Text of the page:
News, Reviews

Two Superior Chill and Puzzle Thrillers From Bill S. Ballinger

The Tooth and The Nail and The Wife of the Red-Haired Man by Bill S. Ballinger

A number of writers have been questioning me about my recent book introductions. They were under the impression I’m writing one a month. I can see why they would think that, looking at the listings on Amazon. As much as I’d love to be hammering out an intro every month, I’m not sure I’m entirely up to the feat. In fact, I’m still playing catch-up on all the fiction titles lining my bowing bookshelves. This past week, I finished up another three book reviews for Publishers Weekly, and I need to begin a couple more books this weekend. My answer to the question “Read any good books recently?” might well be, “I think so, but I can’t quite remember.”

Two books that I won’t easily forget reading are by the late, great mystery virtuoso Bill S. Ballinger, author of about thirty books, more than one hundred and fifty television scripts, eight screenplays, and twenty-five short stories. Famous in his day for acclaimed books like A Portrait in Smoke and The Longest Second, Ballinger solidified his status as a superstar of the mystery genre with his masterpiece The Tooth and the Nail, released by Harper in 1955. The book was a commercial success on its release, with critics declaring it one the finest suspense novels of American writing in the twentieth century. It’s certainly one of the most riveting mysteries I’ve ever had the pleasure of reading. When I first got hold of a copy, I stayed up late into the night finishing it, and the ending didn’t disappoint.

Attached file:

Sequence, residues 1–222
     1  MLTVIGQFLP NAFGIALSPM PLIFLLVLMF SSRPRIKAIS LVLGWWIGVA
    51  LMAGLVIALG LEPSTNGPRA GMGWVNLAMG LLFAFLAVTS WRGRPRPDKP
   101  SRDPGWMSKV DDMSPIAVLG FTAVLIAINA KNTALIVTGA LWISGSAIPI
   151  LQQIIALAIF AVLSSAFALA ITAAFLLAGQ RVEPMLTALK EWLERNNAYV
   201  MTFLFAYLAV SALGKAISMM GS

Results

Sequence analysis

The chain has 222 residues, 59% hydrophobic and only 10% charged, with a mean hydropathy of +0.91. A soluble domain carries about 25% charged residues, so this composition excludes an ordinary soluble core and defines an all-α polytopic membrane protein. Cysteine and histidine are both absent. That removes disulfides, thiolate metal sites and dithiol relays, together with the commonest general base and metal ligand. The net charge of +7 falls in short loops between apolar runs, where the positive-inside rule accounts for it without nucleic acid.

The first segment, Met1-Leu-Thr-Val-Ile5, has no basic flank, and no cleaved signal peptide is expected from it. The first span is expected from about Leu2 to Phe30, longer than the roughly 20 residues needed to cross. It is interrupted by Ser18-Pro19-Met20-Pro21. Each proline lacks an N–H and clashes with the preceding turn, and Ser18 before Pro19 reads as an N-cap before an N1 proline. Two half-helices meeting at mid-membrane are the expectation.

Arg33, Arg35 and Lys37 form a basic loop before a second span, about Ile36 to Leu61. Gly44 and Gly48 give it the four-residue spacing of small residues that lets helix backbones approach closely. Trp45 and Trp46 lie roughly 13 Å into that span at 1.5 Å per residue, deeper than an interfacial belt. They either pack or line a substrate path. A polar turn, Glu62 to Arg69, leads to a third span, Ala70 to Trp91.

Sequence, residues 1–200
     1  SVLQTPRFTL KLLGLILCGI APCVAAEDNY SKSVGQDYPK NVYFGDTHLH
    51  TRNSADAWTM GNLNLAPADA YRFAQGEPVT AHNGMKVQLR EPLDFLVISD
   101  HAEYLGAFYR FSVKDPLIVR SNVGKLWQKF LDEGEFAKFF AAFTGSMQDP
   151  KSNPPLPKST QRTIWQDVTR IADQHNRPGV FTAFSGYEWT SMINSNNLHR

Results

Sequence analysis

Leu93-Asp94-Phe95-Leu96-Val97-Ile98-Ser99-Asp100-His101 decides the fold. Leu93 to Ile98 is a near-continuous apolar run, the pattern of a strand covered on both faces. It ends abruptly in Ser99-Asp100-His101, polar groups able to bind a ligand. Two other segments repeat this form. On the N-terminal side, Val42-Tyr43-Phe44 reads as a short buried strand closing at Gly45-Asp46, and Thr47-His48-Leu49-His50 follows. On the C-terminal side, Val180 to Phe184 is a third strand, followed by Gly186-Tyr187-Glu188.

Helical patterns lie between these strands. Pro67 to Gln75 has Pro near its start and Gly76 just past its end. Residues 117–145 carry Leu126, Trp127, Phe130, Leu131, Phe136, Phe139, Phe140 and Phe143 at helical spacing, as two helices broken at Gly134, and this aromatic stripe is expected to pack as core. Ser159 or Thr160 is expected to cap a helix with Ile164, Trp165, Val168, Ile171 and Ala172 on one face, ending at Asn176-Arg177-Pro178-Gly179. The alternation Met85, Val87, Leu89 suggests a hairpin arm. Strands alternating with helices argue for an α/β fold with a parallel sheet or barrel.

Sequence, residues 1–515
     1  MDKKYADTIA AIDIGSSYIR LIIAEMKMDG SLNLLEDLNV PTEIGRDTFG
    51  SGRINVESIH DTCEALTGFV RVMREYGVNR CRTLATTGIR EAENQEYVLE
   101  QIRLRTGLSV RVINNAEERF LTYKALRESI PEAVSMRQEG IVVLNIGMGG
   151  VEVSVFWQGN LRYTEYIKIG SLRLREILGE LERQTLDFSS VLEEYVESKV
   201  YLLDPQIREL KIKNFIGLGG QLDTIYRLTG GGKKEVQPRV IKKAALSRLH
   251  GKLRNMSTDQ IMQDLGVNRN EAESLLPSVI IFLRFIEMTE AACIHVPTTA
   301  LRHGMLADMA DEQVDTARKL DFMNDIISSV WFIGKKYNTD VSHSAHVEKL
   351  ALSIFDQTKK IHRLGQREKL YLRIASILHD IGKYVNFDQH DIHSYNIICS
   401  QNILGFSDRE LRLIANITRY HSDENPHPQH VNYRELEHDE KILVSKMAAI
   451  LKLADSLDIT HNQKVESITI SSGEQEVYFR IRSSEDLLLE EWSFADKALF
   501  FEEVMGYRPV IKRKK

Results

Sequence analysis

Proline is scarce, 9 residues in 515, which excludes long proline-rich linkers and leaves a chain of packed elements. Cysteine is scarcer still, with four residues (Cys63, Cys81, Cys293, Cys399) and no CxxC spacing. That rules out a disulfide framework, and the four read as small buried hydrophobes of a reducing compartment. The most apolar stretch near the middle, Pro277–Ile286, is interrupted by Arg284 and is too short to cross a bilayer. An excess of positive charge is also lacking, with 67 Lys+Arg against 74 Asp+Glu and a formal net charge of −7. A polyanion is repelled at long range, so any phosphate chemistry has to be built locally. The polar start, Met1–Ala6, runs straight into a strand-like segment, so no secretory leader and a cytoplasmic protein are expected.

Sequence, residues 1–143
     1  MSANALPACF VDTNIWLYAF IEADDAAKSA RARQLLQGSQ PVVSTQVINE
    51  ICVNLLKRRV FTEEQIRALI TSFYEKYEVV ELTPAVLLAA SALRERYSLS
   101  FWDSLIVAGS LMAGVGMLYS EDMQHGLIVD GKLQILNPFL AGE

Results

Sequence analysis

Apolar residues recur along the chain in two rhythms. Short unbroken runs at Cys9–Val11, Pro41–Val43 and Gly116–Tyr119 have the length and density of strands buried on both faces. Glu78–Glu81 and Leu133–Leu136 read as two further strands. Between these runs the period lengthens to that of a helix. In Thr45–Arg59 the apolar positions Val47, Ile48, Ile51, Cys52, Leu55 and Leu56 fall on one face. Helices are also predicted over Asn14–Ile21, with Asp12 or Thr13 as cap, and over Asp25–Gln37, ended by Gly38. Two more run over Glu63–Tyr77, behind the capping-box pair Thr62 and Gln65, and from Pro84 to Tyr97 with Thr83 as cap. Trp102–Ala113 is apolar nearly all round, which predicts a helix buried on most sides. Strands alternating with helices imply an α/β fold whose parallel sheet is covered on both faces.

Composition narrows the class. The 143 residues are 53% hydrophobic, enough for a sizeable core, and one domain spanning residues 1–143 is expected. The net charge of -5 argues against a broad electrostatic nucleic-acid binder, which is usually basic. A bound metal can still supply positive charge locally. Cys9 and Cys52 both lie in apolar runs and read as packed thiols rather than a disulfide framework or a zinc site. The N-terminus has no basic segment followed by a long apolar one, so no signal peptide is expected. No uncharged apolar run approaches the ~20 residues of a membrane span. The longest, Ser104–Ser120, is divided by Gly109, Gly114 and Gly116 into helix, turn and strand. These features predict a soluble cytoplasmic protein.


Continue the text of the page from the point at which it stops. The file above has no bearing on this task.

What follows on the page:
A couple of years after The Tooth and the Nail, Harper published The Wife of the Red-Haired Man. This was another dual narrative novel—a storytelling technique Ballinger pioneered in the 1950s. The book was a hit, and while the synopsis might suggest it’s merely a simple tale of pursuit, the high-tension drama and thrilling pace make it hard to put down. The notable British weekly magazine The Spectator described it accurately enough in October 1957: “Usually enough story, unusually well done—a gripper.”

Back in 2018, I was able to contribute an introduction to the double-novel collection Portrait in Smoke / The Longest Second, reprinted by the excellent independent publisher Stark House Press. Having been a big fan of Ballinger’s work for eons, it was a proud moment to have helped bring these two novels back into print. This latest collection, The Tooth and the Nail / The Wife of the Red-Haired Man, offers two more of Ballinger’s finest tales, available in print for the first time in decades.

Be sure to grab your copy while you can. It is a pity to see such superior tales of suspense fall into obscurity. This pair deserves a special place on the bowing bookshelf.

Available from all good booksellers, including Amazon or directly from the publisher: http://starkhousepress.com/ballinger.php